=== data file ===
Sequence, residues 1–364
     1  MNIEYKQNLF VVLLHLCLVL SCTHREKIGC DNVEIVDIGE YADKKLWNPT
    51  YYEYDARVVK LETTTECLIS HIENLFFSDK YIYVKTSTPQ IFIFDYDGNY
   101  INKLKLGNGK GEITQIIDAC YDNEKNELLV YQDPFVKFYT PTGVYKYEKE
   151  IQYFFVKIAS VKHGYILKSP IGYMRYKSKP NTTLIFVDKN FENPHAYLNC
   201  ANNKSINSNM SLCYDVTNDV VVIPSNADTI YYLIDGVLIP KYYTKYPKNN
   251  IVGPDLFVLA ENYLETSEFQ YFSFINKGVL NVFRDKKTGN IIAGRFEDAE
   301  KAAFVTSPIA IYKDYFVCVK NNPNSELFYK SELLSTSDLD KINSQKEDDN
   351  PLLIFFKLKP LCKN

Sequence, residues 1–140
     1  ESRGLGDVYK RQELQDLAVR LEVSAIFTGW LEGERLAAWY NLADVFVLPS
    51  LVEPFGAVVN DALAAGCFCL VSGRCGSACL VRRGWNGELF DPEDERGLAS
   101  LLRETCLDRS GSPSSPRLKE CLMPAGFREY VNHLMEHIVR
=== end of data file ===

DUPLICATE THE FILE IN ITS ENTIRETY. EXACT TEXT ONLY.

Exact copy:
Sequence, residues 1–364
     1  MNIEYKQNLF VVLLHLCLVL SCTHREKIGC DNVEIVDIGE YADKKLWNPT
    51  YYEYDARVVK LETTTECLIS HIENLFFSDK YIYVKTSTPQ IFIFDYDGNY
   101  INKLKLGNGK GEITQIIDAC YDNEKNELLV YQDPFVKFYT PTGVYKYEKE
   151  IQYFFVKIAS VKHGYILKSP IGYMRYKSKP NTTLIFVDKN FENPHAYLNC
   201  ANNKSINSNM SLCYDVTNDV VVIPSNADTI YYLIDGVLIP KYYTKYPKNN
   251  IVGPDLFVLA ENYLETSEFQ YFSFINKGVL NVFRDKKTGN IIAGRFEDAE
   301  KAAFVTSPIA IYKDYFVCVK NNPNSELFYK SELLSTSDLD KINSQKEDDN
   351  PLLIFFKLKP LCKN

Sequence, residues 1–140
     1  ESRGLGDVYK RQELQDLAVR LEVSAIFTGW LEGERLAAWY NLADVFVLPS
    51  LVEPFGAVVN DALAAGCFCL VSGRCGSACL VRRGWNGELF DPEDERGLAS
   101  LLRETCLDRS GSPSSPRLKE CLMPAGFREY VNHLMEHIVR